We rarely boost atmospheric synths. In some occasions however, you could boost frequencies between 5kHz and 10kHz to enhance the brightness of the synth.

Mixing Instruments & Synths - Atmoshperic Synth - EQ Boost

Mixing Instruments & Synths – Atmospheric Synth – EQ Boost

Reverb
Atmospheric synths already create a sense of space and do not necessarily need reverb. You could choose to apply the main reverb to your atmospheric synth, to make it more part of the space of the rest of the song. But be careful, as this might clutter the reverb space too much.

Cheatsheet: Quickly improve the mix of your Instruments & Synths

Mixing Instruments

Mixing Keys, Pianos and Organs

Placement
Keys (or piano or organ) can sound great both in the center as well as on the side of the mixing space. Find the best spot for them by avoiding the place where they might mask, or get masked by other elements in the mix.

Masking is a mixing problem that occurs when two (or more) elements are using the same frequencies at the same time. When this happens, one element will be less audible than it should be – it is being masked by the other element.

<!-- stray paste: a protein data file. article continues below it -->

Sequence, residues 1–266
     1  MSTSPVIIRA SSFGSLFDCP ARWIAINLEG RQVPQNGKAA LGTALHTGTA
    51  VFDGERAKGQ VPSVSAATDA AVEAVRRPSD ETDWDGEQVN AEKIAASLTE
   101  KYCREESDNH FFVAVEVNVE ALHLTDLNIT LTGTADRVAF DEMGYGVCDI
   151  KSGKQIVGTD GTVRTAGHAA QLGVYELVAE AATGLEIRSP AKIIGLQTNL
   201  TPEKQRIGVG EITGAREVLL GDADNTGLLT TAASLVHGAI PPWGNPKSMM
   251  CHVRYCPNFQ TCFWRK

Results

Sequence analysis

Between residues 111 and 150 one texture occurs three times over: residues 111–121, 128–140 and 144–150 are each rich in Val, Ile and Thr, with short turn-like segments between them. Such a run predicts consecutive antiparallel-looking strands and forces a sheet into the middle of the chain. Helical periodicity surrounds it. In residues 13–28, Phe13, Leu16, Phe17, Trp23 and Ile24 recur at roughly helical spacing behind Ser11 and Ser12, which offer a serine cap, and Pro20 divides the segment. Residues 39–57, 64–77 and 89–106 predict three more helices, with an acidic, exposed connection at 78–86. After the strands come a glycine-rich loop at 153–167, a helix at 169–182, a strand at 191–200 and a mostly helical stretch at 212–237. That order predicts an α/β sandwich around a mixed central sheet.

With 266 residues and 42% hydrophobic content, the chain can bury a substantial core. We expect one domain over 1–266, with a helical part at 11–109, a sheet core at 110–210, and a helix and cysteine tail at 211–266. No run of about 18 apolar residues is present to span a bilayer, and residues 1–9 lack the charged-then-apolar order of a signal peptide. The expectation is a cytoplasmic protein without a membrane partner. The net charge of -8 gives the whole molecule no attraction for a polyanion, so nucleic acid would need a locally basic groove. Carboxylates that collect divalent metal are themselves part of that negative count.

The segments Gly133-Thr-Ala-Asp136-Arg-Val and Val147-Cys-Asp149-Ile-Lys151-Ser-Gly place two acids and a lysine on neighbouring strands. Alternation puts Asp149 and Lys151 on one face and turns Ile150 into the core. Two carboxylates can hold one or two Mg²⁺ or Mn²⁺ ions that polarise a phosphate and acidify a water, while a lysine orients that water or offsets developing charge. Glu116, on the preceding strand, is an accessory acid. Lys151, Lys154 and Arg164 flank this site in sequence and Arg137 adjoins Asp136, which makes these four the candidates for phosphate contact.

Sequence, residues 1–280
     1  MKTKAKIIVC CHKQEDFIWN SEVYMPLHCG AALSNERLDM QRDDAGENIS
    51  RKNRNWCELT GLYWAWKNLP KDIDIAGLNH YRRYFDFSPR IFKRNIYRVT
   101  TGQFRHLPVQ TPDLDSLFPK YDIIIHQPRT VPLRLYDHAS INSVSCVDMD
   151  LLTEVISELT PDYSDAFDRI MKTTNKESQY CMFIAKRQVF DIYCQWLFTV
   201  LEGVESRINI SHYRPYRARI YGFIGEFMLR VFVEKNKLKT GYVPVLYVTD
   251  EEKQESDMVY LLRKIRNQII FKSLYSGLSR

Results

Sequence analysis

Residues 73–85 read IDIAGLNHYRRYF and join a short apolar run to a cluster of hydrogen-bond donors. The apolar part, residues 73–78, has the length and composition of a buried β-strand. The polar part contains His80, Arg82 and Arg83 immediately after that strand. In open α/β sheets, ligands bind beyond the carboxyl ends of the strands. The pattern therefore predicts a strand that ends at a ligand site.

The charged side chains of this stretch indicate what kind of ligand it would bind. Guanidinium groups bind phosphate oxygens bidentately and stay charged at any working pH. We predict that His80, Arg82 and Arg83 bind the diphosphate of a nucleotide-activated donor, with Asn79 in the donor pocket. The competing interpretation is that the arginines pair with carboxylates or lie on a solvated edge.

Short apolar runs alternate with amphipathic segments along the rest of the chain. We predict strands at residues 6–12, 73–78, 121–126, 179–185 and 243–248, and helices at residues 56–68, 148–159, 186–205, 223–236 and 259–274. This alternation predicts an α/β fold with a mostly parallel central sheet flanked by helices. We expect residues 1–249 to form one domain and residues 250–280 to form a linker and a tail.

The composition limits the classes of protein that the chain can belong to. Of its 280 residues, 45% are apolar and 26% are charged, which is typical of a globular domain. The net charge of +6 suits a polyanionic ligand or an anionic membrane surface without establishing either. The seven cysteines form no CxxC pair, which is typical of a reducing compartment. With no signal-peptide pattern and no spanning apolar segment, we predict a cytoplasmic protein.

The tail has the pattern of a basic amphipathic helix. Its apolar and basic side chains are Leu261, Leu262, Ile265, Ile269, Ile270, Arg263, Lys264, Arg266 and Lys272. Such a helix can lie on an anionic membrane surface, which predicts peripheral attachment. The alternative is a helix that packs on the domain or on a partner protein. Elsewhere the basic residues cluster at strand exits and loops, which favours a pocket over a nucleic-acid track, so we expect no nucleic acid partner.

EQ (Cut)
Make sure to cut away any unnecessary low frequencies, especially when the keys are placed on the sides of your mix. Set a high-pass filter right before the key frequency. As a rule of thumb don’t have frequencies below 100Hz.

Set a low-pass filter at around 10kHz to ensure enough space in the high frequencies for your hi-hats and crashes to come through cleanly.

Mixing Instruments & Synths - Keys - EQ Cut

Mixing Instruments & Synths – Keys – EQ Cut

Compression
The compression on keys often sounds great with an attack time between 25 milliseconds and 60 milliseconds, and a release time between 50 milliseconds and 120 milliseconds.

We often compress keys by 2dB to 3dB with a ratio of 2,5:1.

Mixing Instruments & Synths - Keys - Compressor

Mixing Instruments & Synths – Keys – Compressor

EQ (Boost)
Keys rarely need any boosting of frequencies. In some occasions you could boost frequencies between 1kHz and 6kHz to enhance its brightness and definition.